By Dan Waites
“Thank you, Thailand” was the headline on the front of yesterday’s edition of The Nation above an “exclusive interview” with Japanese ambassador to Thailand, Seiji Kojima. The story opened as follows:
The Japanese ambassador to Thailand has these special words for the Thai people: “A friend in need is a friend indeed.”
That the sentence was uttered in Thai further underlined the heartfelt gratitude Ambassador Seiji Kojima shared with his compatriots towards the Thai people in the wake of the March 11 earthquake and the subsequent devastating tsunami.
All very well. But on another timely issue Kojima has no reason to be thanking Thailand: the investigation into the shooting of Japanese Reuters journalist Hiroyuki Muramoto. Today is the first anniversary of Muramoto’s death. Shortly before 9pm on April 10, 2010, a day in which 26 people were shot dead in Bangkok, the 43-year-old cameraman was hit by a high-velocity bullet. He died of massive bleeding before he reached the hospital.
We still don’t know who killed Muramoto. His family still don’t know who killed him. And given the highly suspect way the Department of Special Investigation is handling the probe into his death, it doesn’t look like we ever will.
Here was The Nation in December last year:
Documents supposedly leaked from the Department of Special Investigation (DSI) appear to place the blame for most of the deaths in the April-May military crackdown firmly on the military.
The set of documents, purported to be investigation reports by the DSI, covered the deaths of 16 people killed in demonstrations between April and May. The reports conclude that the deaths of at least 13 of these victims were “likely caused by soldiers” deployed and acting on duty.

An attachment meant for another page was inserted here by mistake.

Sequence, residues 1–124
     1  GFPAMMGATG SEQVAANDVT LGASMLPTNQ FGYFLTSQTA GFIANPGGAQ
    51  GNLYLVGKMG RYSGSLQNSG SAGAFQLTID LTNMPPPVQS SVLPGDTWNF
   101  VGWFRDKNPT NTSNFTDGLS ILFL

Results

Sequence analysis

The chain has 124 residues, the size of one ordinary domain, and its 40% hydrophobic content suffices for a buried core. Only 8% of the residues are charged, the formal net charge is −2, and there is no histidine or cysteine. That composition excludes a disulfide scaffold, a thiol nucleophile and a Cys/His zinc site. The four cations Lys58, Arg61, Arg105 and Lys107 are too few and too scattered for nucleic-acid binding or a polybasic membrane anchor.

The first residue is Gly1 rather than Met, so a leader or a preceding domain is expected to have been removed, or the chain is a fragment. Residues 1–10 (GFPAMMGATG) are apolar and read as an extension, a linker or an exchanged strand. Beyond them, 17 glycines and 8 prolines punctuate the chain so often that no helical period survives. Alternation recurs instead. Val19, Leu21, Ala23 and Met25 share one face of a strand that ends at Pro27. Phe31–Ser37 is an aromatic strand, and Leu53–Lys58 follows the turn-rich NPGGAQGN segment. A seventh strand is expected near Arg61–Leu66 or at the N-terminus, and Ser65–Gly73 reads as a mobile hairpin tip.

The reports, obtained by The Nation from a reliable source who asked not to be identified, were cross-checked and confirmed as being authentic by at least one witness, German photographer Nicolas Nostitz, who was interrogated by the DSI.
The 10 case reports covering 16 deaths include a DSI conclusion that the death of Japanese photographer Hiroyuki Muramoto of Reuters News Agency on April 10 “likely occurred from the actions of Army officer(s) acting on their duty”.
Given that Thai soldiers are believed to have fired as many as 117,923 bullets during the red-shirt protests, that conclusion wouldn’t be surprising. Another report from Reuters on the leaked DSI reports, had earlier said: “The report quoted a witness who said Muramoto collapsed as gunfire flashed from the direction of soldiers. Thailand’s government has not yet publicly released the report into his death despite intense diplomatic pressure from Japan.”
But there was intense pressure coming from other places, too. Three months later, here’s the Bangkok Post:
The army is breathing a sigh of relief after a Department of Special Investigation (DSI) report concluded troops were not responsible for the death of a Japanese cameraman during last year’s red shirt protests.
However, the relief may be short-lived, amid claims that the army chief of staff paid the DSI head a visit to complain about an initial department finding which claimed the opposite _ that soldiers should in fact be blamed for Japanese cameraman Hiroyuki Muramoto’s death during the rally at Khok Wua intersection on April 10 last year.
The DSI is likely to face questions about why it changed its stance, though DSI director-general Tharit Pengdit yesterday stood by the latest report, saying it was based on scientific and forensic findings. He also denied meeting the army chief of staff.
The weapons report, which he did not release, found that the Reuters News Agency cameraman was shot dead with an AK-47 rifle while covering the clashes.
In that case, troops could not be blamed for the death, said the report, because they carried different weapons.